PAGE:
Operating conditions for U.S. homebuilders have improved over the past six months, and the sector's overall credit quality has steadied as a result, according to a new report published by Standard & Poor's Ratings Services. The new report cites a cautiously stable outlook for the sector overall, but acknowledges that trends could backpedal later this year if the baseline residential construction forecast doesn't materialize.
Conditions in the U.S. housing sector remain challenging, but Standard & Poor's has seen evidence that macroeconomic conditions are strengthening, and any improvements in the housing sector will be measured off of a very low base. The housing sector is currently giving mixed signals regarding its direction, but Standard & Poor's believes production levels are improving while pricing is bouncing along the bottom.
“We anticipate a modest uptick in new single-family home deliveries this year, which will be followed by more robust growth in 2013,” said credit analyst Susan Madison. “We also expect the average selling price for new homes to be relatively flat on a year-over-year basis.”
Standard & Poor's currently maintains stable outlooks on 60 percent of the homebuilding companies it rates, an indication that ratings should hold steady over the next year under its baseline forecast scenario. However, the company did note that ratings on some of the larger homebuilders could take a hit next year if a firm recovery does not take hold and its pessimistic scenario comes to pass.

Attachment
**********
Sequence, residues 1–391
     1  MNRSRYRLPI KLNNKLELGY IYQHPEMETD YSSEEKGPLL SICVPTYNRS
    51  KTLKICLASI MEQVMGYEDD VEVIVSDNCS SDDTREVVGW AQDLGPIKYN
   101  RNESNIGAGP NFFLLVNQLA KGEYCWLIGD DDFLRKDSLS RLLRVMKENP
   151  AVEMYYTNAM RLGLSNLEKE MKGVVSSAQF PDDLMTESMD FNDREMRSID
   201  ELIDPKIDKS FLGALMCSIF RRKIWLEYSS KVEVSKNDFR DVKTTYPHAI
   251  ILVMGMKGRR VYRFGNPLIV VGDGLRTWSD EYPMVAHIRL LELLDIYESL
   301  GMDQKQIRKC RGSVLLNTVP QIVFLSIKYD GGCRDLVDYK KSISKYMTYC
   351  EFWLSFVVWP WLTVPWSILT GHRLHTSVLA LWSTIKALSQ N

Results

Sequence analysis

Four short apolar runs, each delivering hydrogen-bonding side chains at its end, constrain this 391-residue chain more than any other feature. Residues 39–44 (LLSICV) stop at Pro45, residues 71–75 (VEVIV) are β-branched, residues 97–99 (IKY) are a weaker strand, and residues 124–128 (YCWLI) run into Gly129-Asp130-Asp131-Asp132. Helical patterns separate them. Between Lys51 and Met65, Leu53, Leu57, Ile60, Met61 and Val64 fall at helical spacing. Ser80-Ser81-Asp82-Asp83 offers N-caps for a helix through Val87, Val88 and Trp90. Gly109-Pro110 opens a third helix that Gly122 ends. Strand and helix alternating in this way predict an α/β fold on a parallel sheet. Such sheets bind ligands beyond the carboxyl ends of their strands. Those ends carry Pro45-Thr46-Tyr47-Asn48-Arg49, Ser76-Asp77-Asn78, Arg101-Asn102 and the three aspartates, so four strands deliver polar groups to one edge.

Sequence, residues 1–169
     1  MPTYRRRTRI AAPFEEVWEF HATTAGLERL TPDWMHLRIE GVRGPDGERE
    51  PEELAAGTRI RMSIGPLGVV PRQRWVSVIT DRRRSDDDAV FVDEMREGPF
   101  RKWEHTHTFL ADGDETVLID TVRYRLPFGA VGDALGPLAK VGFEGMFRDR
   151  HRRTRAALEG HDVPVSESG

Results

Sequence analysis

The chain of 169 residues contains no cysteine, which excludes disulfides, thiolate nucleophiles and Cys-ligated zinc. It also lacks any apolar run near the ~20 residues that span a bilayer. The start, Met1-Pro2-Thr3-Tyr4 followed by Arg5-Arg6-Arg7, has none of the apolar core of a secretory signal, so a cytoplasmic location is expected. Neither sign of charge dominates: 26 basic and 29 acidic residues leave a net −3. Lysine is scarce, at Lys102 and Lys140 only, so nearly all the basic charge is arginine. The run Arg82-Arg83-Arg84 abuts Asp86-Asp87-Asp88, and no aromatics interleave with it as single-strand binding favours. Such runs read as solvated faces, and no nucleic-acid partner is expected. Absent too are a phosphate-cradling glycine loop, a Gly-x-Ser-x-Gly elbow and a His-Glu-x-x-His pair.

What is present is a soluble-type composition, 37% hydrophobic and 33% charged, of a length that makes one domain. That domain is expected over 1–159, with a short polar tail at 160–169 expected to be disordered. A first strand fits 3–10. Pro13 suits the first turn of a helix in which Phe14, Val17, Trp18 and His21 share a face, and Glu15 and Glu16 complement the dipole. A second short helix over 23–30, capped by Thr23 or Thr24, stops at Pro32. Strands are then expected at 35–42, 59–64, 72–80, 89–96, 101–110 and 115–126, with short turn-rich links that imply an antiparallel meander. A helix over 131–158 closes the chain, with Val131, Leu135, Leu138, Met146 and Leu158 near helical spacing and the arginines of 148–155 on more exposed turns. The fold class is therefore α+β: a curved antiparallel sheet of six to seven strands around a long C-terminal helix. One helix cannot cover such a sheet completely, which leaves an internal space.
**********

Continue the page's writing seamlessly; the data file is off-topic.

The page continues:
“We do expect the recovery in housing to be slow and uneven, and the performance of individual home builders may not directly correspond with that of the overall sector,” Madison said. “For example, builders with well-located and cost-efficient platforms, along with sufficient liquidity to support higher growth trajectories, will most likely improve faster than the others. Comparatively, companies with less liquidity, weaker profitability, more material near-term debt maturities, or those contending with operational missteps, will likely lag the peer group.”